Monday, September 10, 2012

Intuition and Perspective

Previously, I tended to see intuition as a kind of deception that held a privileged position. Our intuitions varied too greatly between individuals and, especially, different cultures to be any kind of accurate description of the facts. Naturally, discarding intuition makes foundationalism crumble, leading eventually to my Epistemic Lenses/Vantage Points/Perspectivism once one realizes that Coherentism and Pragmatism can only rule out very wrong ideas but not necessarily discover true ones. However, intuition cannot really be removed from the forefront; even if we deny that intuition is discovering true facts we cannot deny that in everyday life we really just use reason to bridge the gaps between new information and old intuition. Only those of us who are aware of the frailties of foundational epistemology try to get away from that method of thinking and living.

It seems to me now that perhaps there is a place for intuition if we accept the kind of pluralism suggested by Epistemic Lenses.

If one craves honesty, then one must admit that intuition does not discover true, objective facts. If they did, then all intuition would have to come to the same conclusion – perhaps with a handful of exceptions that we could call diseased intuition. However, we also see that science does not seem to hang on to anything – it is free floating as its foundations cannot be established with rigor, with some branches standing on especially ghostly cornerstones. This is where I tend to mention Epistemic Lenses, where the world looks different depending on what presuppositions and values one interprets the world through. Intuition, however, could also serve as an explanation of Epistemic Lenses: we intuit certain foundational beliefs that make it possible to interpret the rest of the world, but intuition varies because it proceeds from the nature of the one who intuits.

Intuition is not true, but through intuition we can come to starting beliefs that make it possible to understand the rest of the world. But the intuitions vary from person to person, making the world as seen through each person's eyes different from the world as seen through other eyes. Not so distinct that we cannot relate to one another, but distinct enough that the perceptions are not identical.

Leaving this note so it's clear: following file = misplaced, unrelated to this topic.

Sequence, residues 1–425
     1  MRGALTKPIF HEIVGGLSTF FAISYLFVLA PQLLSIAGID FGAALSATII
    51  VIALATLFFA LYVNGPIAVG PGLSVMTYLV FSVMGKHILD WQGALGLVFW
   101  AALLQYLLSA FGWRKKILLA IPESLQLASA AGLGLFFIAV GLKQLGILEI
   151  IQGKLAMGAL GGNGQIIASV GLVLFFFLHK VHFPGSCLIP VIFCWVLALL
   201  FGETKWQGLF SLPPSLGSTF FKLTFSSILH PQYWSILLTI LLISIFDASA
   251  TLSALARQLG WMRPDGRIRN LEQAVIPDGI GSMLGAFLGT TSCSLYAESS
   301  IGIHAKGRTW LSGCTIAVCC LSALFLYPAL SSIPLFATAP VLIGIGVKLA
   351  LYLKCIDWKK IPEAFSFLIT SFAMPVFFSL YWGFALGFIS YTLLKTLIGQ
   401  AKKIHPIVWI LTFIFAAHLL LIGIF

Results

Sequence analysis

Do we intuit values? I do not think that we do. I would not use the word “intuit” here. Do I intuit that strawberry ice cream is superior to vanilla? Do I intuit that it would be better for people to be allowed to make their own decisions for their lives? Rather I would use the word “love.” I love strawberry ice cream more than vanilla. I love that people choose their own paths. We confuse “love” for “intuition” when we want others to love as we do, but once we are comfortable with the sliver of loneliness that stems from loving without the support of the nature of the world, then we see that intuition and love work in different ways to form our perspective.

But which is more basic? Which is more primary: love or intuition? We intuit the world according to what we love, and we love according to what we intuit. That is, we see the foundations of the world the way that we want to see them, but we also desire according to how we think the world is. I can not say which one has first privilege. I want to say that it is probably messy and layered, with an intuition being reevaluated by a love which leads to a new intuition and probably a new love.

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